A New Study Identified the Dirtiest Spot in Hotel Rooms and It’s Probably Not What You Think
If you’re a clean freak, you’re likely the guy (or gal) wiping down the handles of your cart at the grocery store or whipping out a bottle of hand sanitizer to avoid tiny germs that play hide and seek seemingly everywhere.
One of the filthiest places — I’m sure we all can agree — are hotel rooms. With the constant rotation of families checking in and out, some things are bound to get overlooked, right? One would assume the bathroom to be the filthiest, but according to Scientific American, the remote control wins that battle (with the light switch coming in second.)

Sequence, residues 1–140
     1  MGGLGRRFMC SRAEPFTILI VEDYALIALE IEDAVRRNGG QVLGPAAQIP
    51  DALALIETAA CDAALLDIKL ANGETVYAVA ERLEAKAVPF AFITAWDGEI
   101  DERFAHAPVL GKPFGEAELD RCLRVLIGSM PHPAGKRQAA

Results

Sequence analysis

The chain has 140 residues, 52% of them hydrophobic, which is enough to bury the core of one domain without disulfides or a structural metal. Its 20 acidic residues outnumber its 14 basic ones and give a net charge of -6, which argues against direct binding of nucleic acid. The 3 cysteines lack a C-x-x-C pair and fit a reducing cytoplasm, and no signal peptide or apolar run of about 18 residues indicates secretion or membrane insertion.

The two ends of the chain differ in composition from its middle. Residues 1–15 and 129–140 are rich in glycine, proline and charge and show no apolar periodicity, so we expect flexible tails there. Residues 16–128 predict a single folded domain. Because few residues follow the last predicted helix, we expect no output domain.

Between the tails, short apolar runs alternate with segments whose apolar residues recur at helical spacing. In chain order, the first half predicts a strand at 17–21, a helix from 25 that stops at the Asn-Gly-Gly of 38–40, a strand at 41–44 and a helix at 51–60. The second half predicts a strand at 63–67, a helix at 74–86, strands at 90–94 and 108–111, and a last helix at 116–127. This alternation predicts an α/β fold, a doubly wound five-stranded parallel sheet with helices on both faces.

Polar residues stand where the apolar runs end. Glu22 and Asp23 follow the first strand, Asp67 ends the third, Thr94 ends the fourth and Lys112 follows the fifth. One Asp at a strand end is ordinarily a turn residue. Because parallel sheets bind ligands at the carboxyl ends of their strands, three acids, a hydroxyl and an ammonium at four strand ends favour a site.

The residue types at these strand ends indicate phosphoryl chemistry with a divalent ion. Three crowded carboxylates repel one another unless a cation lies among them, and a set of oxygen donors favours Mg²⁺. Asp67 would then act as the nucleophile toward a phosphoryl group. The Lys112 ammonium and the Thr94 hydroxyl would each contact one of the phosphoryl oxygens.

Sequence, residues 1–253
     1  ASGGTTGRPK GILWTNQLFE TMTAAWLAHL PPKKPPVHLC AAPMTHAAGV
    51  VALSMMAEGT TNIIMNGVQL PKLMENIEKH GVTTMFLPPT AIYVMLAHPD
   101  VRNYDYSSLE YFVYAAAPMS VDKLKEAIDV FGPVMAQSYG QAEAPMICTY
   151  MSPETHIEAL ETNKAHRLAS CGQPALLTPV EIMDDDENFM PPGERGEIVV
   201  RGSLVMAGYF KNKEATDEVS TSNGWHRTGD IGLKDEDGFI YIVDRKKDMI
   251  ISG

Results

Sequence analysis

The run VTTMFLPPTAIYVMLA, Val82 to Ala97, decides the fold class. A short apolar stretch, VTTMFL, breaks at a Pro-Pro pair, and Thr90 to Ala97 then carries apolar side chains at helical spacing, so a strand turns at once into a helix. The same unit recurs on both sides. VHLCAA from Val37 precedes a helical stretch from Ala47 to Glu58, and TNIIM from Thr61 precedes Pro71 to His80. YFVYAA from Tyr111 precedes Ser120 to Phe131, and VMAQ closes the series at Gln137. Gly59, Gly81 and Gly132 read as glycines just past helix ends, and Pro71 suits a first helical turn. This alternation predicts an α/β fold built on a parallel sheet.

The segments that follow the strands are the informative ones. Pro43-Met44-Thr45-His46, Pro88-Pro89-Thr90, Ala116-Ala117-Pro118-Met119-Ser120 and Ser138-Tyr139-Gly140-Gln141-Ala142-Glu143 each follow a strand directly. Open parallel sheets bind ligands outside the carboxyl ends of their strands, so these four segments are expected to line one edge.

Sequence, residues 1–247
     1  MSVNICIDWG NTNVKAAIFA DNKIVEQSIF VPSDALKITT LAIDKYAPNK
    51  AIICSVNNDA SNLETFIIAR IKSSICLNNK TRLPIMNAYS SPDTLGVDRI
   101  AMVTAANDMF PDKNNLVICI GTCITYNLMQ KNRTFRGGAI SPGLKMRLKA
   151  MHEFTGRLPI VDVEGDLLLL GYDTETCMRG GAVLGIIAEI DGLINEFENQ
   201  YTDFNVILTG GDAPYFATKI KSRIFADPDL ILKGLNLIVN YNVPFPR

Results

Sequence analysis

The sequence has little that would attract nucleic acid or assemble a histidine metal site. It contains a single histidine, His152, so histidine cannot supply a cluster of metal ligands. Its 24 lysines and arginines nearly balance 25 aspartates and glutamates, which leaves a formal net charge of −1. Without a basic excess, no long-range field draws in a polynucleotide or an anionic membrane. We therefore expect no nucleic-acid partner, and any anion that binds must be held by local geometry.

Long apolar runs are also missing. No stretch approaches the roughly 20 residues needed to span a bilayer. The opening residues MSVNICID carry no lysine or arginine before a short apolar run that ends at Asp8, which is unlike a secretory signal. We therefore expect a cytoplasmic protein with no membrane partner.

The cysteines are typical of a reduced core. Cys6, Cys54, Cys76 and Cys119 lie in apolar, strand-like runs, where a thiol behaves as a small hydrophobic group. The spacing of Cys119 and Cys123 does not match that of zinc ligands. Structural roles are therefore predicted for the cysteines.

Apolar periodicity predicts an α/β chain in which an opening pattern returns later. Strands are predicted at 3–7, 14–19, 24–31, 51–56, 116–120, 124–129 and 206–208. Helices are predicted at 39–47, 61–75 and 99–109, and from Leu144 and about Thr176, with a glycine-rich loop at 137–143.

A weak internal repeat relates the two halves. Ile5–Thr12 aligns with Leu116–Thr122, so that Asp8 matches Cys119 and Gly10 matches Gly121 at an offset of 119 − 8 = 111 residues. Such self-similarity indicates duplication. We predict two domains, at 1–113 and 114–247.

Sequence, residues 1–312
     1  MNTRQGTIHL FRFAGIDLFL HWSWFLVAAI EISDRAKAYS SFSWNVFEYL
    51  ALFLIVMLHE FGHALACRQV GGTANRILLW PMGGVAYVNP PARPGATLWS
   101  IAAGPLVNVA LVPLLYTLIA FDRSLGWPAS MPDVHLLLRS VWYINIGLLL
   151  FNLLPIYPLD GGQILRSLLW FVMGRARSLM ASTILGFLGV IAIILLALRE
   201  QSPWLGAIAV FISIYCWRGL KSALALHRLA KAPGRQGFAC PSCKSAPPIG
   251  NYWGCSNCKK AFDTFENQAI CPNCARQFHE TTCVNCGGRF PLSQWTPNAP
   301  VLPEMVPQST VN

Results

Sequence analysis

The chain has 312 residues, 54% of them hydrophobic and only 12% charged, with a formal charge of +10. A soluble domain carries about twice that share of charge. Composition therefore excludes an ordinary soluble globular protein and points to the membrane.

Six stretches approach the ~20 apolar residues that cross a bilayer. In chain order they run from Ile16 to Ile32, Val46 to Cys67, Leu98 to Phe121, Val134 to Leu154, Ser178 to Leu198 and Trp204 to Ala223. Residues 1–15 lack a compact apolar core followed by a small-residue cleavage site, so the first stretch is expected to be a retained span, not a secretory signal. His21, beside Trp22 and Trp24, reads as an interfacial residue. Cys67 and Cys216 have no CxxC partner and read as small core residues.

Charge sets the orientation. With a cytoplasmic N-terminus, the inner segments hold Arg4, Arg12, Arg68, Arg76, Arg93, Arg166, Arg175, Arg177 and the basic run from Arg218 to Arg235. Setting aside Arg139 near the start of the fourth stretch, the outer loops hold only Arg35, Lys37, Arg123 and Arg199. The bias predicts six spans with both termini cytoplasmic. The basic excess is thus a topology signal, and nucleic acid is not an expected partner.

A recent study found that of the nine hotel rooms tested for bacterial contamination, about 81% of the samples were covered in ‘some’ fecal bacteria. Gross.
“Hoteliers have an obligation to provide their guests with a safe and secure environment,” said Katie Kirsch, researcher and University of Houston undergraduate student states, “Currently, housekeeping practices vary across brands and properties with little or no standardization industry wide.”
Their research cites that their findings are a result of lenient housekeeping measures that don’t ensure cleanliness beyond line of site. Traveling from room to room using the same mop, sponge, and other supplies from the suite next door is ultimately picking up one family’s leftovers and transferring them to the next.
“Identifying high-risk items within a hotel room would allow housekeeping managers to strategically design cleaning practices and allocate time to efficiently reduce the potential health risks posed by microbial contamination in hotel rooms,” said Kirsch.
I think it’s time we start traveling with a tote bag full of clorox, cleaning sponges and a change of sheets. Are you with me?